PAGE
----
At launch, the Pixel Watch was only compatible with proprietary bands designed by Google, though the company stated that it planned to partner with third parties to develop additional bands in the future. By default, each Pixel Watch comes with a proprietary Active Band, with several other proprietary band options available at an added cost. Counterpoint Research calculated that the LTE version of the Pixel Watch cost an estimated US$123 to manufacture.
The Pixel Watch shipped with Wear OS 3.5, and features deep integration with Fitbit. It is compatible with Android smartphones running Android 8.0 or above, and is accompanied by a Pixel Watch mobile app available for download on the Play Store. iPhones are not supported. Google added fall detection capabilities in February 2023.
Following the announcement of the Pixel Watch and Pixel Tablet at the 2022 Google I/O, Jon Porter of The Verge opined that Google was taking a subtle approach at Apple's "walled garden" ecosystem strategy. This was echoed by International Data Corporation research director Ramon Llamas, who believed that Google was aiming to become a "head-on competitor to Apple". Kate Kozuch of Tom's Guide praised the watch's sleek visual design. Victoria Song of The Verge quelled fears over the watch's reported 24-hour battery life, declaring it was "decent" when compared to similar smartwatches.
The Pixel Watch was positively received upon its launch. Lisa Eadicicco of CNET and Cherlynn Low of Engadget lauded its design and health features, with Eadicco likening it to "a hybrid of Fitbit and the Apple Watch", but both criticized the battery life. Song called the Pixel Watch "good-but-not-yet-great". Wired's Julian Chokkattu echoed these sentiments, but argued that its "accuracy, elegance, and comfort" compensated its shortcomings. CNN Underscored reviewer Max Buondonno praised the Pixel Watch's sleek design and the performance of Wear OS 3.5, but felt that the battery life was subpar and the screen was not large enough. Nicole Nguyen of The Wall Street Journal did not find the smartwatch particularly astounding and noted several software bugs, but ultimately deemed it a worthy companion to the Pixel phone.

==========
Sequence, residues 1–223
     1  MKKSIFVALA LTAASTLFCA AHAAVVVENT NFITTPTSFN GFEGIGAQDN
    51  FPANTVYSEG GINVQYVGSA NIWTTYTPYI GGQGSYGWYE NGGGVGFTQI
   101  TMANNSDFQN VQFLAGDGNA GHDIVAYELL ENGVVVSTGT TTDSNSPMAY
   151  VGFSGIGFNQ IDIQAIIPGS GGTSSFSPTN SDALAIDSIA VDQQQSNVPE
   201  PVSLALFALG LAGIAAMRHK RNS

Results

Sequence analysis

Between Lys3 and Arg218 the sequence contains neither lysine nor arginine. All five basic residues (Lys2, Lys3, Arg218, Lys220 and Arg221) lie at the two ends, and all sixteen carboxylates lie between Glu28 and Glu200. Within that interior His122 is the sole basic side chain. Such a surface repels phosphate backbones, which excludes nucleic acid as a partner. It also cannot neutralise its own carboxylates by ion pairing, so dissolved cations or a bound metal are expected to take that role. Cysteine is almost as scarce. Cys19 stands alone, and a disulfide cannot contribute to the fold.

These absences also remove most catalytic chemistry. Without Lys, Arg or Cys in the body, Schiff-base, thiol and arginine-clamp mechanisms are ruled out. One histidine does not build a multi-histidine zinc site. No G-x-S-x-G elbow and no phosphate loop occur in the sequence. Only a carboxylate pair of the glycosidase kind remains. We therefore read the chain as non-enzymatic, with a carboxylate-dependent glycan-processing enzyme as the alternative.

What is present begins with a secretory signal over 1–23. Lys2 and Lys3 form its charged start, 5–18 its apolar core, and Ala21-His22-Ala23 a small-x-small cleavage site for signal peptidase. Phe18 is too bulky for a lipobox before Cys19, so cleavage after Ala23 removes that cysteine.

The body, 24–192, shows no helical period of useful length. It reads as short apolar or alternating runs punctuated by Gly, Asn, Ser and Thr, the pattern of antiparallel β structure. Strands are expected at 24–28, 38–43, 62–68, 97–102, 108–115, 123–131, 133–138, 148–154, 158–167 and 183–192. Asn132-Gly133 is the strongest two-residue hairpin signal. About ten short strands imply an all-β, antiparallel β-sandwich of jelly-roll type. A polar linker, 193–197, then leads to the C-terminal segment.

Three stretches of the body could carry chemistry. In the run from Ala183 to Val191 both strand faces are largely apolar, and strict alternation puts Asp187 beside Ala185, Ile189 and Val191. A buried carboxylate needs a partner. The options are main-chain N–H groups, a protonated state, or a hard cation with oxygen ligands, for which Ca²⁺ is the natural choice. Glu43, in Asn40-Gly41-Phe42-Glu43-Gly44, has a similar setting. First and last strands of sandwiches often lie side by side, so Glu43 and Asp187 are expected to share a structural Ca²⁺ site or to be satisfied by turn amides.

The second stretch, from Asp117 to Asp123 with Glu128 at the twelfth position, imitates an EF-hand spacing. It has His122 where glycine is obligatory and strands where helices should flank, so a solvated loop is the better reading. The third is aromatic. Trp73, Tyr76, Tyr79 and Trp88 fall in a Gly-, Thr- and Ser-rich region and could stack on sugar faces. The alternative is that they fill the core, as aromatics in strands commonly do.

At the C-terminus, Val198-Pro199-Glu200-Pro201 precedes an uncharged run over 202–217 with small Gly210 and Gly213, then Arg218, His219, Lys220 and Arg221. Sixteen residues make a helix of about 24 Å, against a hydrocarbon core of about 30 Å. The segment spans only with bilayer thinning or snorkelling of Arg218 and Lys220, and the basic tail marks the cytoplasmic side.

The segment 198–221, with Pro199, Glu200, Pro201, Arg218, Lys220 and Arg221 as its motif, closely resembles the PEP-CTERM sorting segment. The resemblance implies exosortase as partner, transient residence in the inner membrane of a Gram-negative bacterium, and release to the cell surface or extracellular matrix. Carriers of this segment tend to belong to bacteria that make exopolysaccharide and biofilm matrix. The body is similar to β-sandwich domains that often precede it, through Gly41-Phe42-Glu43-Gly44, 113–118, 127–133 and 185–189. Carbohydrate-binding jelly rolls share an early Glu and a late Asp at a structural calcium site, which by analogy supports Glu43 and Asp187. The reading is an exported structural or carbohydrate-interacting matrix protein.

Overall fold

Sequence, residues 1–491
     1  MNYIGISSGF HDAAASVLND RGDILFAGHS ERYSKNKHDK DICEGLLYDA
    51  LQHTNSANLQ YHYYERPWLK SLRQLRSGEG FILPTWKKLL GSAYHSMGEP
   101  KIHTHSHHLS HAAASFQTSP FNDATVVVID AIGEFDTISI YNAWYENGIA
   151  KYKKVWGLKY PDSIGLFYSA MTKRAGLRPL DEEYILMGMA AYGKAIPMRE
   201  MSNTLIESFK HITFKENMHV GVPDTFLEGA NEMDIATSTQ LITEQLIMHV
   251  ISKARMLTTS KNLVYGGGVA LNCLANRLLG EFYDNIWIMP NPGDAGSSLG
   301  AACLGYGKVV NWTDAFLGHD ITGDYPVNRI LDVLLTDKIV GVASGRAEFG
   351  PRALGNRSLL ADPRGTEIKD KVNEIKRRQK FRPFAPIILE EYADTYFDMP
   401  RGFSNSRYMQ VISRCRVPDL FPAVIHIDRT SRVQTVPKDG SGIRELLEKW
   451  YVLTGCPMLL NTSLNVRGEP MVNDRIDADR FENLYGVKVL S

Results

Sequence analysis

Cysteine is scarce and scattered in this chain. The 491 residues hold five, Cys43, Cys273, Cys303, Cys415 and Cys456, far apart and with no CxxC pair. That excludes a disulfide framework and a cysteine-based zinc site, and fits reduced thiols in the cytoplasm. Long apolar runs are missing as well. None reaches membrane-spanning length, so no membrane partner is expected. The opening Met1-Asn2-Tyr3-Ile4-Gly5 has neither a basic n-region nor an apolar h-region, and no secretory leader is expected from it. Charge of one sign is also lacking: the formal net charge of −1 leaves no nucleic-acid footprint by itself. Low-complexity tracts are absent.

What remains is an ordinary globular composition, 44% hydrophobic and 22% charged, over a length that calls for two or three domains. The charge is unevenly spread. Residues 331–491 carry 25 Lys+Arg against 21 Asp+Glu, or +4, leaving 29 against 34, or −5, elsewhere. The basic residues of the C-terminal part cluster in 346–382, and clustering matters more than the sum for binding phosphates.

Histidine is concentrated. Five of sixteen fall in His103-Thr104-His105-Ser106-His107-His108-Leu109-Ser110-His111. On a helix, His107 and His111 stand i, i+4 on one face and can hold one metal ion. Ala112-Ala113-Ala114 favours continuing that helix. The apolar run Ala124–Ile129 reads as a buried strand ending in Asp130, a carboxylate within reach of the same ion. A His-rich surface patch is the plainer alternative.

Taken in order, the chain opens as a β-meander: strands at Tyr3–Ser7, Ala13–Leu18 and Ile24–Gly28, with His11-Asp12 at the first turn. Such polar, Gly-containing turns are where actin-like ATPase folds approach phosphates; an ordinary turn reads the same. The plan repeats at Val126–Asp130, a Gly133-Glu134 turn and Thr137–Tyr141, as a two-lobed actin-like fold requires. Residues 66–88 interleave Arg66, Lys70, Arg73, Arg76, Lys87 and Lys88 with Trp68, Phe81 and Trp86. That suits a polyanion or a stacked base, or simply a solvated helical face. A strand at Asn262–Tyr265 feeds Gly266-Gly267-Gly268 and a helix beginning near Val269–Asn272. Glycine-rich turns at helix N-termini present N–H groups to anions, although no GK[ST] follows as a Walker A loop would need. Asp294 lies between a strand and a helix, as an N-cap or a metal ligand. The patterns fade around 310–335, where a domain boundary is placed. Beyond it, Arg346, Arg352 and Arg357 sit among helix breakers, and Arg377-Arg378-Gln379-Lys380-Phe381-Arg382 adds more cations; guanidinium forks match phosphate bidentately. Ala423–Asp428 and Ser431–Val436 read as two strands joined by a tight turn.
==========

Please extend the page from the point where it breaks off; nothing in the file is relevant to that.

Analyst firm Canalys calculated that Google shipped an estimated 880,000 Pixel Watches during the fourth quarter of 2022, constituting 22 percent of Google's total wearable sales, which include Fitbit products. The Pixel Watch's launch allowed Google to obtain 8 percent of the wearable market share, jumping 16 percent from fourth place to second place, behind Apple. The Pixel Watch Android app had amassed more than 500,000 downloads by February 2023.
In May 2023, it was reported that Google was aiming to launch a second-generation Pixel Watch later that year, alongside the Pixel 8 and Pixel 8 Pro.